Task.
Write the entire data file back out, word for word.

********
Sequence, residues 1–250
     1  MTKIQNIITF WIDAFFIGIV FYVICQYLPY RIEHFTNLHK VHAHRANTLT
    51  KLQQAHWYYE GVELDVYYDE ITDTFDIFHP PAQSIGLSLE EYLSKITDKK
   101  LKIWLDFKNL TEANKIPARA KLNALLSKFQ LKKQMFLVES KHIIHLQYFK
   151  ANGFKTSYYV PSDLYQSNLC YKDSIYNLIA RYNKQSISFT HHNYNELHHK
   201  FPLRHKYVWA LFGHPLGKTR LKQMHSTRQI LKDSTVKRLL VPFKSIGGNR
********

Sequence, residues 1–250
     1  MTKIQNIITF WIDAFFIGIV FYVICQYLPY RIEHFTNLHK VHAHRANTLT
    51  KLQQAHWYYE GVELDVYYDE ITDTFDIFHP PAQSIGLSLE EYLSKITDKK
   101  LKIWLDFKNL TEANKIPARA KLNALLSKFQ LKKQMFLVES KHIIHLQYFK
   151  ANGFKTSYYV PSDLYQSNLC YKDSIYNLIA RYNKQSISFT HHNYNELHHK
   201  FPLRHKYVWA LFGHPLGKTR LKQMHSTRQI LKDSTVKRLL VPFKSIGGNR